Heuristic Programming Project Report No. HPP 82-37 May 1982 COMPUTER-BASED CLINICAL DECISION AIDS: SOME PRACTICAL CONSIDERATIONS Edward H. Shortliffe, MD, PhD Division of General Internal Medicine Department of Medicine Stanford University School of Medicine Stanford, California 94305 To be presented at AMIA Congress Hyatt on Union Square San Francisco, California 2-5 May 1982 * Dr. Shortliffe is recipient of Research Career Development Award LM00048 from the National Library of Medicine. AMIA Congress 82 E.H. Shortliffe AKTRACT Medical decision making research has tended to emphasize the generation of optimal decisions, an issue which is central to the development of clinically useful consultation programs. This paper stresses the need to consider other theoretical and practical issues that are pertinent if consultation systems are to be accepted by physicians. Since adequate decision making performance remains an essential component of acceptable systems, the paper suggests c-iteria for selecting clinical problems that may be amenable to short-term implementation using state-of-the-art techniques. Introducticn At the beginning of a third decade of research into the development of computer-based diagnostic aids, it is appropriate for medical computer scientists to assess the strides that have been taken, the barriers that remain, and the optimal strategies for furthering the field in the years ahead.
Reprinted with permission from Science, Vol. After twenty-five years of use, the very name -- combining as it does a highly immodest ambition with a suggestion of deceit -- still has the power to provoke controversy. Research in artificial intelligence has several goals. One is the development of computational models of intelligent behavior, including both its cognitive and perceptual aspects. A more engineering-oriented goal is the development of computer programs that can solve problems normally thought to require human intelligence.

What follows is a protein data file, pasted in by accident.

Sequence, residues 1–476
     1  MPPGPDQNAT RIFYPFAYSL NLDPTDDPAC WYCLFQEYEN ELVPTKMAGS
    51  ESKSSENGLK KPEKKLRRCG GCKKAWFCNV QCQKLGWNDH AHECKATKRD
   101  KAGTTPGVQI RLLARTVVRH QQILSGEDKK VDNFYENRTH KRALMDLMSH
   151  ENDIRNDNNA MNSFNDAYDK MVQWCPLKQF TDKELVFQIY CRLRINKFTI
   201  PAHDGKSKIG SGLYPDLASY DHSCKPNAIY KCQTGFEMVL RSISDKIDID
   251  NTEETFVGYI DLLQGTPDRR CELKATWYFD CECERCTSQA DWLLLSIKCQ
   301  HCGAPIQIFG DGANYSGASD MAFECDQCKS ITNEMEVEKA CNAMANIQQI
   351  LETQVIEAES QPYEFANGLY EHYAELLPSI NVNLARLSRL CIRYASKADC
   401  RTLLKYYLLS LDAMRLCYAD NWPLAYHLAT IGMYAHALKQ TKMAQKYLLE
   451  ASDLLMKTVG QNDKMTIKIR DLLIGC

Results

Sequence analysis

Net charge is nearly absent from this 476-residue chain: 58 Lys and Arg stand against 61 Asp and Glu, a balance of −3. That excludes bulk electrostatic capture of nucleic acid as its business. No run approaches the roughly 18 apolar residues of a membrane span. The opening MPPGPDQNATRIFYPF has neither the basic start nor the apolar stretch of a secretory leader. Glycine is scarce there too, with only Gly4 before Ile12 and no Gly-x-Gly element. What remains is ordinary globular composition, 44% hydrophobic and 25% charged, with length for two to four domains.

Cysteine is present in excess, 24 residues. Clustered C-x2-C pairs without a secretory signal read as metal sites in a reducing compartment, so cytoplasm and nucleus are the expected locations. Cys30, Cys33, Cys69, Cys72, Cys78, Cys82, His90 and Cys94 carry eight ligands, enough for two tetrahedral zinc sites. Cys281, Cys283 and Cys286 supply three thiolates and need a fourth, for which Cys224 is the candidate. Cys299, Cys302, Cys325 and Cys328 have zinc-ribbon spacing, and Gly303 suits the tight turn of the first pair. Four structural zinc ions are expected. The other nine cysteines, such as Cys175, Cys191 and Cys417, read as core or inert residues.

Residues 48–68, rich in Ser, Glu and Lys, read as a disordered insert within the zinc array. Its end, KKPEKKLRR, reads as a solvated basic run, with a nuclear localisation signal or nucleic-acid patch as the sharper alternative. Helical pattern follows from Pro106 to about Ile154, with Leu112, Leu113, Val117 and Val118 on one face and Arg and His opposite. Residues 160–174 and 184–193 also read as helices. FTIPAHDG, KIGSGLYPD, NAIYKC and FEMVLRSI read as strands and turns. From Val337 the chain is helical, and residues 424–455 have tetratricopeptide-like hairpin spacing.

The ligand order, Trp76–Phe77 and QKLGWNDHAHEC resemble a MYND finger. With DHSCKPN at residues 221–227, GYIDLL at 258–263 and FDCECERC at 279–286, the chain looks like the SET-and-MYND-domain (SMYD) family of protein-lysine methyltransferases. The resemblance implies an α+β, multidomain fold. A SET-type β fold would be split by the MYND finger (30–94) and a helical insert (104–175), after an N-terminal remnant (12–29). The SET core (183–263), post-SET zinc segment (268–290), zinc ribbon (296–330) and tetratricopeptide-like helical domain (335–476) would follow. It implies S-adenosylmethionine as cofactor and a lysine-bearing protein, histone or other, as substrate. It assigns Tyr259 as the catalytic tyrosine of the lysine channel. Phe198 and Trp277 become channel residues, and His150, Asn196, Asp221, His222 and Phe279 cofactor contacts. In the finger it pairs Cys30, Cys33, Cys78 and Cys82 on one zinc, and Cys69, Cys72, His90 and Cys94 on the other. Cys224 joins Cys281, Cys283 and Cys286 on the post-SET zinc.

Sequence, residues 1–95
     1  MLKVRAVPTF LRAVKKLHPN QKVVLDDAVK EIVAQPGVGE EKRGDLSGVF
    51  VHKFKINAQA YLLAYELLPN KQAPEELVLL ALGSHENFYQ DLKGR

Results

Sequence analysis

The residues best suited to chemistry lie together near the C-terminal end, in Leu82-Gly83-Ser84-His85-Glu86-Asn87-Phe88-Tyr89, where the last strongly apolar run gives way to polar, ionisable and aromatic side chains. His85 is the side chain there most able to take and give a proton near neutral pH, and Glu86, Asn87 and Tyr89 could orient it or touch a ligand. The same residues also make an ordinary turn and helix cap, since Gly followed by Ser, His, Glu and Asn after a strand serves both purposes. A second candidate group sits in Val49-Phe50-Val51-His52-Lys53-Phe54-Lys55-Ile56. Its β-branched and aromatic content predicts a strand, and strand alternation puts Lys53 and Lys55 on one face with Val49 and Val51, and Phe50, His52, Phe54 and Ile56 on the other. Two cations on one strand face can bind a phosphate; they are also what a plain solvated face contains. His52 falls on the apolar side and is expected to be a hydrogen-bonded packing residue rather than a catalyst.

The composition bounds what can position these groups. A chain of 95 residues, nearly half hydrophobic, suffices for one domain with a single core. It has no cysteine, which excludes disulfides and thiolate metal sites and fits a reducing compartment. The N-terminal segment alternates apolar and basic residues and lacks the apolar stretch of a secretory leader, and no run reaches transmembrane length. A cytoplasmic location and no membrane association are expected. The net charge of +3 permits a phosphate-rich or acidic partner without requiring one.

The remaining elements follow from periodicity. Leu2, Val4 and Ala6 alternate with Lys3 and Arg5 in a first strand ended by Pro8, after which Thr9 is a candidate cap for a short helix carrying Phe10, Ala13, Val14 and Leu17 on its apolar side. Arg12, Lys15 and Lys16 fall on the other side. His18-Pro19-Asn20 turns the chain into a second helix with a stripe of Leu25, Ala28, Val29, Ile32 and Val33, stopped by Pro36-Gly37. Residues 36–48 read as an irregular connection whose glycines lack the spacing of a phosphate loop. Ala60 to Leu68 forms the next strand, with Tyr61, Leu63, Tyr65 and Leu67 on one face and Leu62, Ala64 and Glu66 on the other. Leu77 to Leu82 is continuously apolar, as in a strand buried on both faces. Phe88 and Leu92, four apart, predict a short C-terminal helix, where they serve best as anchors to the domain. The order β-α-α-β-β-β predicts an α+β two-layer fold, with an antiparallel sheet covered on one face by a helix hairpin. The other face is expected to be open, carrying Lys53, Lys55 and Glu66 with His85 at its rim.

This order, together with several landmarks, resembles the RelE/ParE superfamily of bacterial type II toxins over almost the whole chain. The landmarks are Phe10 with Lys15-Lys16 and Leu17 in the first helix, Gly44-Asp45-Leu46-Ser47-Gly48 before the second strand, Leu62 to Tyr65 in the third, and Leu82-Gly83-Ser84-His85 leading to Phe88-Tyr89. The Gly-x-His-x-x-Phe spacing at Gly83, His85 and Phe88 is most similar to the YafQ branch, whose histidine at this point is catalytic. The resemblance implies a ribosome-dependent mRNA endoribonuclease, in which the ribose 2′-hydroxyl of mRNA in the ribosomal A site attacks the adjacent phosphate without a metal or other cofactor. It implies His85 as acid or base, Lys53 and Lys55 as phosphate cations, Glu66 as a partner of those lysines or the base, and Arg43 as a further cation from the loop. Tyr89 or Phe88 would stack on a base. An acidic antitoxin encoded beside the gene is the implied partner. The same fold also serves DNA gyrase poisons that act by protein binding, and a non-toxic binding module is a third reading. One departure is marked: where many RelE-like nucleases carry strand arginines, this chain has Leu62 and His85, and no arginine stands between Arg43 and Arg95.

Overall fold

Edward H. Shortliffe, Jul 1981 HP? -81 -9 EVALUATINq EXPERT SYSTEMS Edward H. Shortliffe Heuristic Programming Project Departments of Medicine and Computer Science Stanford University Stanford, California 94305 July 1981 This paper is the author's contribution to Chapter 6. in the volume EXPERT SYSTEMS, edited by R. Hayes-Roth, D. Lenat, and D. Waterman:4 The full article is entitled "Evaluation of expert systems: issues and case studies", and is authored by J. Gaschnig, P. Klahr, H. Pople, E. Shortliffe. The volume is the result of a Workshop on Expert Systems held in San Diego in August 1980 and sponsored by the Rand Corporation, ARPA, and the NSF. Parts of Chapters 7 & 8. Reprinted with permission. Issues in the Evaluation of Expert Systems EVALUATING EXPERT SYSTEMS 1 Issues in the Evaluation of Expert Systems 4e have been discussing the reasons for doing evaluations of expert systems, or for having reservations about getting involved in the evaluation process, but we have not addressed the nature of the evaluation process itself. In this section we define ma,ly of the parameters that determine an appropriate design for an evaluation experiment.
Reprinted by permission of the Canadian Society for Computational Studies of Intelligence. Reprinted frcm: Proceedings of the CSCSI/SCEIO Conference 14-16 May 1980 University of Victoria Victoria, British Columbia pp. California 94305 ABSTFACT Computer systems for use by physicians have had limited impact on clinical medicine. The mYCIN System is used to illustrate tne ways In which Our research group has attempted to respond to the design criteria cited. My goal is to present design criteria which may encourage the use of computer programs oy physicians, and to show that Al offers some particularly pertinent methods for responding to the design criteria outlined.
Despite diverse research efforts, and a literature on computer-aided diagnosis that has numbered at least 1,000 references in the last 20 years, clinical consultation programs have seldom been used other than in experimental environments. The reasons for attempting to develop such systems are self-evident. Growth in medical knowledge has far surpassed the ability of the single practitioner to master it all, and the computer's superior information poacessing capacity thereby offers a natural appeal. Furthermore, the reasoning processes of medical experts are poorly understood; attempts to model expert decision making necer.sarily New insights that result may also allow us more adequately to teach medical students and house staff the techniques for reaching good decisions, rather than merely to offer a collection of facts that they must independently learn to use coherently.